City Hall is a civic building in Cathays Park, Cardiff, Wales, UK. It serves as Cardiff's centre of local government. It was built as part of the Cathays Park civic centre development and opened in October 1906. Built of Portland stone, it is an important early example of the Edwardian Baroque style.
The complex was commissioned to replace Cardiff's fourth town hall on the western side of St Mary's Street which had been completed in 1853. Following a design competition, the firm of Lanchester, Stewart and Rickards was selected to design Cardiff's fifth town hall and adjacent law courts in the Edwardian Baroque style. The contractor, E. Turner and Sons, used the world's first all-electrically operated building site, including eight 5 ton cranes to lift the stone blocks.
The distinctive clock tower is 59 m in height and has a 3.7 m-diameter gilded dial on each of its four faces. The clock mechanism includes an hour bell and four quarter bells which are each inscribed with mottoes in English or Welsh.
In front of the entrance portico is a rectangular pool with fountains. The fountains were created to mark the investiture of Prince Charles as Prince of Wales in July 1969.
On the southern side of the building are two memorials: the memorial on the right is dedicated to victims of the Second World War while the one on the left is dedicated to the Polish soldiers, airmen and sailors who gave their lives during that war.
The first floor landing of City Hall is decorated with statues in Pentelicon marble of famous figures from Welsh history. These were funded by a gift from David Alfred Thomas, 1st Viscount Rhondda; the personages to be commemorated were decided by a competition in the Western Mail. The Marble Hall with completed statues was unveiled by David Lloyd George, then Secretary of State for War, on 27 October 1916.
This room has hosted royalty, international statesmen and diplomats, and can seat 500 diners simultaneously. It is used for miscellaneous ceremonies, conferences and events during the year. It is decorated with mouldings picked out in gold leaf, of mermaids and other sea creatures. Three large bronze chandeliers are contemporary to the original architects' design.
This is located above the main entrance portico and directly below the main dome of the building. Hanging from the dome is a bronze chandelier designed by Edwin Alfred Rickards. The arrangement is unusual in that the seating is set in a circular pattern whereas normally British council chambers have semicircular seating. The chamber was designed to host Cardiff's Council meetings (which have subsequently been relocated to Atlantic Wharf). The dome of City Hall is supported by four massive pillars of Italian marble with bronze Ionic capitals. The chamber is paneled throughout in oak. The plaster work is by G.P. Bankart and the stained glass window depicts a personification of the City of Cardiff, by Alfred Garth Jones dated 1905.References:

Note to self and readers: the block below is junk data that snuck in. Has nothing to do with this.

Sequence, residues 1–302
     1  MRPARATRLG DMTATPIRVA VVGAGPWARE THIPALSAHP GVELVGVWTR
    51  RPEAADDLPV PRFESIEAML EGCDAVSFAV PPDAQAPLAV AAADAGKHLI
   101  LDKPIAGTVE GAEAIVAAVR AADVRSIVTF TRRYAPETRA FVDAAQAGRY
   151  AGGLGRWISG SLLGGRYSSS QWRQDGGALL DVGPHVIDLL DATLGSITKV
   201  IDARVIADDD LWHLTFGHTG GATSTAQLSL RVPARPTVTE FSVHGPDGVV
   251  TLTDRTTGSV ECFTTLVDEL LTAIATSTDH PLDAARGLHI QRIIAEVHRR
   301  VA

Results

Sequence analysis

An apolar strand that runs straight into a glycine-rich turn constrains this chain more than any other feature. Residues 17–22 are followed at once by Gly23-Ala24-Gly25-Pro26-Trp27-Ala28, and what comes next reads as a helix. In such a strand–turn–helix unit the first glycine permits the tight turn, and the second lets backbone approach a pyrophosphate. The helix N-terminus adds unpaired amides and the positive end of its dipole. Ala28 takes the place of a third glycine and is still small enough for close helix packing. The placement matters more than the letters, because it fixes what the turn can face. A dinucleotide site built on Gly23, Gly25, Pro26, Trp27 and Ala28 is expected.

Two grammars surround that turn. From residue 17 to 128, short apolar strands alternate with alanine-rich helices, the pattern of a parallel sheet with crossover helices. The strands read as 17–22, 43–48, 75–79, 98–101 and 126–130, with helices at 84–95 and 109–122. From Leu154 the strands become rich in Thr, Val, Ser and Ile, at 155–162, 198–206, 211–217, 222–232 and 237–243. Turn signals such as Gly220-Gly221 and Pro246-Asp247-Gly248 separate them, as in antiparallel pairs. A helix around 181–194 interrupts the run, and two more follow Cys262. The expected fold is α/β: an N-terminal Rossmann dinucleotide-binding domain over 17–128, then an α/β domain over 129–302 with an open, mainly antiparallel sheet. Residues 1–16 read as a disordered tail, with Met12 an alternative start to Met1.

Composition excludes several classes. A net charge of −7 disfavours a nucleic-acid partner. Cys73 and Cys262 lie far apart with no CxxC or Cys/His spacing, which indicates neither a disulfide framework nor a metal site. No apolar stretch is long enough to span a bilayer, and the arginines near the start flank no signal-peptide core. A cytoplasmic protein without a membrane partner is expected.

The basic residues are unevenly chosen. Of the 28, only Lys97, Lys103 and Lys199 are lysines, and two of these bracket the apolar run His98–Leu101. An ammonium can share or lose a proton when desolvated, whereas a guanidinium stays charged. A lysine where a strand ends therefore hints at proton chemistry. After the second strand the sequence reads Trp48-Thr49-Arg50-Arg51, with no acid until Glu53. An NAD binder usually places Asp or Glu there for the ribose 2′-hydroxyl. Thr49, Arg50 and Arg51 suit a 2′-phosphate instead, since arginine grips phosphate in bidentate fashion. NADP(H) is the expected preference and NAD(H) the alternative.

The Castle of Gruyères is one of the most famous in Switzerland. It was built between 1270 and 1282, following the typical square plan of the fortifications in Savoy. It was the property of the Counts of Gruyères until the bankruptcy of the Count Michel in 1554. His creditors the cantons of Fribourg and Bern shared his earldom. From 1555 to 1798 the castle became residence to the bailiffs and then to the prefects sent by Fribourg.
In 1849 the castle was sold to the Bovy and Balland families, who used the castle as their summer residency and restored it. The castle was then bought back by the canton of Fribourg in 1938, made into a museum and opened to the public. Since 1993, a foundation ensures the conservation as well as the highlighting of the building and the art collection.
The castle is the home of three capes of the Order of the Golden Fleece. They were part of the war booty captured by the Swiss Confederates (which included troops from Gruyères) at the Battle of Morat against Charles the Bold, Duke of Burgundy in 1476. As Charles the Bold was celebrating the anniversary of his father's death, one of the capes is a black velvet sacerdotal vestment with Philip the Good's emblem sewn into it.
A collection of landscapes by 19th century artists Jean-Baptiste-Camille Corot, Barthélemy Menn and others are on display in the castle.